Educator stories: How to multiply enrollments for 1-on-1 classes
Verlanie Varela grew her math tutoring business by carefully marketing her classes. She keeps her learners coming back by individualizing sessions and demystifying math.

Verlanie Varela teaches more than 30 1-on-1 math classes on Outschool each week, Sunday through Thursday.

She started putting her math degree to use on Outschool at the end of 2020 after taking advantage of professional development opportunities that Outschool offers educators who are new to the platform. During the summer of 2021 she also worked in a bakery while finishing at culinary school, but tutoring on Outschool won out. She wishes, in fact, that she had discovered Outschool earlier.

Two factors contribute to Verlanie’s success in growing her teaching business: effective marketing and the quality of her teaching. As one parent wrote, Verlanie makes learning about fractions “easily digestible.”

Here are some recommendations, based on Verlanie’s experiences, for educators looking to grow their own following on Outschool with 1-on-1 classes.

Provide personalized learning

While teaching college-level precalculus and calculus before joining Outschool, Verlanie noticed that many of her students didn’t have a firm knowledge of math fundamentals like algebra and geometry. She realized she could help middle and high school students improve their basic math skills by providing tutoring online.

Since each of her 1-on-1 classes is 55 minutes long, she’s able to get to know learners and discover the best ways to support their learning.

“I like the 1-on-1 classes because I can create a better relationship and tailor the class to each person’s learning style,” she said. “After I meet them once, I get a view of how they learn.”

During the first session with a learner, Verlanie tries different teaching techniques. If one doesn’t work, she’ll try another.

Verlanie enjoys technology and incorporates a number of different tools to support her learners, based on their learning needs and the particular math challenges they’re facing. Occasionally, she will prepare particular lessons if a learner or parent requests it, but mostly she adapts her teaching to whatever math questions a learner presents.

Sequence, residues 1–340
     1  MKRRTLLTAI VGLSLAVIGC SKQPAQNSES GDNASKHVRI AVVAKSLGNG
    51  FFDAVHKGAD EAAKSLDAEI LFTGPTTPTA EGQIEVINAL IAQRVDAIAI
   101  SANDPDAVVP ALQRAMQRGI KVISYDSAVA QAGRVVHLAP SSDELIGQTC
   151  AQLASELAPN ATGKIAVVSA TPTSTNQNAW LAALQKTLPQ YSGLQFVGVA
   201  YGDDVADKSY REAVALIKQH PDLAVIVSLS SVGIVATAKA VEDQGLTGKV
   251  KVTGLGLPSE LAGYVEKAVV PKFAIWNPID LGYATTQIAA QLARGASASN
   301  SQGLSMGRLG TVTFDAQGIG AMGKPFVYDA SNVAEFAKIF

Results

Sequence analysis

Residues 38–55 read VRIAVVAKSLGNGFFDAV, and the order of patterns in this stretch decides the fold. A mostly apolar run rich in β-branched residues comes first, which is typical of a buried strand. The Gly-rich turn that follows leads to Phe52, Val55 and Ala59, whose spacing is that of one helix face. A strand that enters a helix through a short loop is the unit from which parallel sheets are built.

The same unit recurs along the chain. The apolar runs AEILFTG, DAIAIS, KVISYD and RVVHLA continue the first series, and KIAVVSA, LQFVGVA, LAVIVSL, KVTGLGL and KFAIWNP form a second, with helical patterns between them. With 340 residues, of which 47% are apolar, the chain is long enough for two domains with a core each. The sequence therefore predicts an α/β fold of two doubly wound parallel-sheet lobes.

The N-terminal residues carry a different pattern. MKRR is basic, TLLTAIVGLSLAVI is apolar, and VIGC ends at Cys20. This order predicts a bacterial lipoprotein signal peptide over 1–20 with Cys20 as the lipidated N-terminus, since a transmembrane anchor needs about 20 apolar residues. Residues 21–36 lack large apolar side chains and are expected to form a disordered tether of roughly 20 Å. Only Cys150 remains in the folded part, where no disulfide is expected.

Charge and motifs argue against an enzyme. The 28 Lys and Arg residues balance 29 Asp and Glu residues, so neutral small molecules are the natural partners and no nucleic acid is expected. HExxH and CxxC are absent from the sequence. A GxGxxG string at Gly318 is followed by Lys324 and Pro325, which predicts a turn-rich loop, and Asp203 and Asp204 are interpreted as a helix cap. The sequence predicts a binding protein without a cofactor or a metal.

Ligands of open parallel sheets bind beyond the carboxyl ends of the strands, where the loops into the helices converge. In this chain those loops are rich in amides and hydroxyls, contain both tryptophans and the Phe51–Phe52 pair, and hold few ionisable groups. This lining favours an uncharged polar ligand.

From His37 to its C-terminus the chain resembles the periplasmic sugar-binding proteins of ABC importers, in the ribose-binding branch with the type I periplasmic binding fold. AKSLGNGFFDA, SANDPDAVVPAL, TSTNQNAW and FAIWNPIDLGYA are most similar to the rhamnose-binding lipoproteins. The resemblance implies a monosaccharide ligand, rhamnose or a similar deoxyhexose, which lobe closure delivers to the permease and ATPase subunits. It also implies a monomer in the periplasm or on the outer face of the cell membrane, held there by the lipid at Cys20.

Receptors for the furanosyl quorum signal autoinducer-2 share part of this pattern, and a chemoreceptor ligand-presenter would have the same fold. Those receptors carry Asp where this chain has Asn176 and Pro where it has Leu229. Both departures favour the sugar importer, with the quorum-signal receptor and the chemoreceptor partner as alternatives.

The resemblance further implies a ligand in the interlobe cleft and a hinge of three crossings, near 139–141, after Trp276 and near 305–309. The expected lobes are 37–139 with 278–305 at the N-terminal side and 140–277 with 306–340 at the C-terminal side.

Since most of her students are visual learners, she often shares her screen and uses the whiteboard feature on Zoom. She frequently adds annotations, writing equations using her mouse (pictured below). Online simulators with compasses and protractors are other tools she’ll include in her geometry help sessions.

Use marketing to get noticed

Verlanie kicked off her classes by scheduling sections two weeks ahead for visibility, promoting them via Facebook, and asking parents of her first learners to leave reviews.

Although many parents just give star ratings, she said, “some of them do leave genuine comments, and I think they help enrollments.” She is grateful for one parent whose son took regular classes with her and left a positive review for every class.

Verlanie has offered fun group math classes and may again, but “the demand is on tutoring right now, and that’s the classes that I list.”

Learners quickly began asking for weekly sessions, and now she mainly teaches ongoing 1-on-1 classes that meet once or twice a week. She also posts some one-time classes because she has learners that come regularly but just not on a set schedule.

“By Sunday or Sunday night I am usually booked for the rest of the week,” she said. So learners who come regularly but at different times know they need to book ahead to get a one-time slot.

Verlanie teaches from 12:45 to 9:20 p.m. Pacific Time during the week to accommodate learners across the country and a few internationally. At 12:45 p.m, learners in Central and Eastern Time Zones are generally out of school and can attend tutoring. A couple hours after that, learners in those time zones who play sports are ready for help with math. Then after 6 p.m., her learners are mostly on the West Coast.

Besides strategic scheduling, Verlanie still uses some marketing techniques to keep her classes in the forefront when parents search online. Approaches she use include:

  • Scheduling 1-on-1 classes in the morning that often don’t fill up but keep her sessions appearing in searches of available classes
  • Using the same class image – a branding of sorts – for all of her 1-on-1 sessions so families who are looking for math tutoring see that image frequently

Keep it fresh

What’s next for Verlanie? Remember her culinary background? Once she gets a suitable kitchen, those pastry chef skills may come out. Look for her baking classes next.

What’s next for you in your teaching journey on Outschool? Check out these resources to get started with your own 1-on-1 classes or try new marketing strategies.

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